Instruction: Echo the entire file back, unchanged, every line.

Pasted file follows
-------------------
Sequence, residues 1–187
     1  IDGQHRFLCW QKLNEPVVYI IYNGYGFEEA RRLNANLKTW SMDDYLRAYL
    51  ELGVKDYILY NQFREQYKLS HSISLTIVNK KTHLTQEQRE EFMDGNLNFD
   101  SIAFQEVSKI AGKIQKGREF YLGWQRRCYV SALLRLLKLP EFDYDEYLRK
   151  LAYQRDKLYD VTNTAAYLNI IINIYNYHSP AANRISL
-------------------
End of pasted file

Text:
Sequence, residues 1–187
     1  IDGQHRFLCW QKLNEPVVYI IYNGYGFEEA RRLNANLKTW SMDDYLRAYL
    51  ELGVKDYILY NQFREQYKLS HSISLTIVNK KTHLTQEQRE EFMDGNLNFD
   101  SIAFQEVSKI AGKIQKGREF YLGWQRRCYV SALLRLLKLP EFDYDEYLRK
   151  LAYQRDKLYD VTNTAAYLNI IINIYNYHSP AANRISL